It’s been another busy week for Term Limits. In May, we just held a citizens’ round table with Congressman Jared Golden and State Senator Rick Bennett discussing the need for congressional term limits. Senator Bennett hit it home why Americans want congressional Term Limits. They’ve lost faith in Congress. Check it out.
I think people have lost faith in the Congress and the government overall to serve their interests. And they see self-dealing, they see levels of corruption, some that are reported and then just a general sense of, “these folks aren’t really working for us, the system isn’t working for us.” And it may not come to the individual level about their own Congressperson, but there’s a real sense, an innate sense that the system is broken and it’s corrupted and it’s not serving the people anymore, and so they look at Term Limits and they say, “We really need to reform.”
Term Limits is on the move. Hello, I’m Holly Robichaud, and this is Breaking News on Term Limits.[music]
We’re getting closer to having 100 co-sponsors on House Joint Resolution 11, sponsored by Representative Ralph Norman of South Carolina. But we need your help. Have you called your representative and asked them to join the effort? Please take action by visiting termlimits.com/takeaction. We need your help to get to 100 and maybe even 150 co-sponsors on our piece of legislation. Let’s get it done.
We’ve got a follow-up to the Michael Madigan story that we’ve been covering. A jury found four former Commonwealth Edison executives and lobbyists guilty of bribery-related charges as part of an eight-year conspiracy scheme centered around former Democratic Illinois House Speaker Michael Madigan. In the highest profile corruption case in Illinois in more than a decade, the jury convicted the defendants on all accounts. Madigan’s trial is scheduled for next year, yet according to Politico, some people expect that he may be acquitted and it won’t really matter what the result is. This is another reason for Term Limits. Too many people are losing their faith.
We’re calling out two legislators. First, Alabama State Representative Ben Harrison, and second, Alabama State Senator Josh Carnley. What’s their offense? Alabama passed congressional Term Limits resolution in 2018. While congressional Term Limits is overwhelmingly supported by the voters there, Harrison proposed House Joint Resolution 104 and Carnley, in the Senate, proposed Senate Joint Resolution 57 that would undo this work. They’d stymie the will of the voters. It’s typical politics as usual, and US Term Limits condemns these resolutions. We are urging people to contact their legislators in Alabama and urge them to vote “No” on House Joint Resolution 104 and Senate Joint Resolution 57. Shame on Ben Harrison and Josh Carnley for putting career politicians first.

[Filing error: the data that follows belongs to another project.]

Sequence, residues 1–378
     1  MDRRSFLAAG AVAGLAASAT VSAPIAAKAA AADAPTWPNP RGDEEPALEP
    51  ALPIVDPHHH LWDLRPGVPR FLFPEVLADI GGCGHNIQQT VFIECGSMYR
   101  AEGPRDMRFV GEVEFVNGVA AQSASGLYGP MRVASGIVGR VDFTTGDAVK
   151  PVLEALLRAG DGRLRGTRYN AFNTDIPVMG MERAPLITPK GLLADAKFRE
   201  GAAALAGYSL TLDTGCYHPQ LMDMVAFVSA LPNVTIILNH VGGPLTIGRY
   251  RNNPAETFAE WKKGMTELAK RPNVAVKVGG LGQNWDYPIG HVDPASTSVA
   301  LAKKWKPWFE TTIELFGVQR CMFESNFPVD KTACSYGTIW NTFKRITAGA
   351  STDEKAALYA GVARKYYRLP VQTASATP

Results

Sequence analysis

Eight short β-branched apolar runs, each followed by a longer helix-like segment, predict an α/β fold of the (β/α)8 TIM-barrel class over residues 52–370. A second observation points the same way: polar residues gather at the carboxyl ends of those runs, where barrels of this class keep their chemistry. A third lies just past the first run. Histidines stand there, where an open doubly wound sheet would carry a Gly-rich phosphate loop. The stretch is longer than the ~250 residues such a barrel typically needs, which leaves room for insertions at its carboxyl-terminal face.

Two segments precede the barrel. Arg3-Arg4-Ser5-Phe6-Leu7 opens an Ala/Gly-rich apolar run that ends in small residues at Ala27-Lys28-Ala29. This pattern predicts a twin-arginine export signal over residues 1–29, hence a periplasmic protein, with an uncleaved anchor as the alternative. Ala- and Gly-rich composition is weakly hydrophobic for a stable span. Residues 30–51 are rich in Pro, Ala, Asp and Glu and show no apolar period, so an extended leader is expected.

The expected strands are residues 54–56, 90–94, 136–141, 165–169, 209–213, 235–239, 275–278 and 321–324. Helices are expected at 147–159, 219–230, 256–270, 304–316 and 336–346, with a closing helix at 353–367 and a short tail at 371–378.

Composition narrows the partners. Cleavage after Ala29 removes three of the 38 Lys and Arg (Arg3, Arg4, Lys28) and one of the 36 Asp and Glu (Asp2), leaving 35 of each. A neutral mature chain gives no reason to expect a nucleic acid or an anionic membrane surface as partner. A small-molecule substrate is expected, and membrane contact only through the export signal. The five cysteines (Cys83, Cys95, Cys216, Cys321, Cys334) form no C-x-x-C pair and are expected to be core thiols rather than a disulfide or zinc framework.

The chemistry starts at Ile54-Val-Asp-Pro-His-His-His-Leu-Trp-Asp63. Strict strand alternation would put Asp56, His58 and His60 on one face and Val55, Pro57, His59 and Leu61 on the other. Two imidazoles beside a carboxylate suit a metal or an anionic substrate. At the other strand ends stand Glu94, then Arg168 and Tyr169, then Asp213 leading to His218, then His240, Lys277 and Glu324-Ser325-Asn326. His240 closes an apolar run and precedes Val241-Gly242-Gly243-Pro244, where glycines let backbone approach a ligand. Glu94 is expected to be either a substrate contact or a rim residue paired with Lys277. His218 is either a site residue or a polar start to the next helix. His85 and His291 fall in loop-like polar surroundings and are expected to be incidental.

We’ve mentioned a lot about the controversy regarding California Senator Dianne Feinstein and her absence from the Senate. Senator Feinstein, who was first elected in 1992, has raised an even greater issue of gerontocracy. Politico did an in-depth story on the issue. The Senate is full of people in their 70s and their 80s, and a smattering have served into their 90s. Some are remarkably sharp and spry, others not so much. And for those not-so-much lawmakers, there’s little that leaders can do about it, other than cross their fingers, gently nudge them to resign, or count the days down until the next election, which in the US Senate can be up to six years.
At the same time, Washington has become a gerontocracy. Match up the demographic reality with the political reality of a deeply polarized Senate, the majority is so slender that the absence of a single lawmaker can mean almost nothing gets done. Under the constitution, the sole tool Congress has to oust a member is expulsion, which requires a two-thirds majority vote. Expulsion has happened 15 times in the Senate history, and 14 of them were senators who sided with the Confederacy during the Civil War. Expulsion proceedings have started in other cases of alleged corruption or wrongdoing, but they fell short of the two-thirds vote threshold or the senator resigned before a vote could be taken. None were ousted because of their health or disability. Nothing speaks louder for the need of congressional term limits than this situation.
Now it’s time for an update from the states as we work to bypass Congress to get congressional Term Limits. As I mentioned at the top of the show, our Northern Regional Director Kenn Quinn held a town hall meeting in Maine with Congressman Jared Golden and State Senator Rick Bennett. Representative Golden and Senator Bennett show why Congressional Term Limits is a bipartisan issue. Check out their comments.